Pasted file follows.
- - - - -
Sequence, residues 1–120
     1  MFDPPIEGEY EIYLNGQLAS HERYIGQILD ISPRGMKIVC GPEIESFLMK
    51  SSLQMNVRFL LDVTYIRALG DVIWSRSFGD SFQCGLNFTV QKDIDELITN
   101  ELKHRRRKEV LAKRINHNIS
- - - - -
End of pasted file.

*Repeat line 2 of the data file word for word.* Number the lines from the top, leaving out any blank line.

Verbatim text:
     1  MFDPPIEGEY EIYLNGQLAS HERYIGQILD ISPRGMKIVC GPEIESFLMK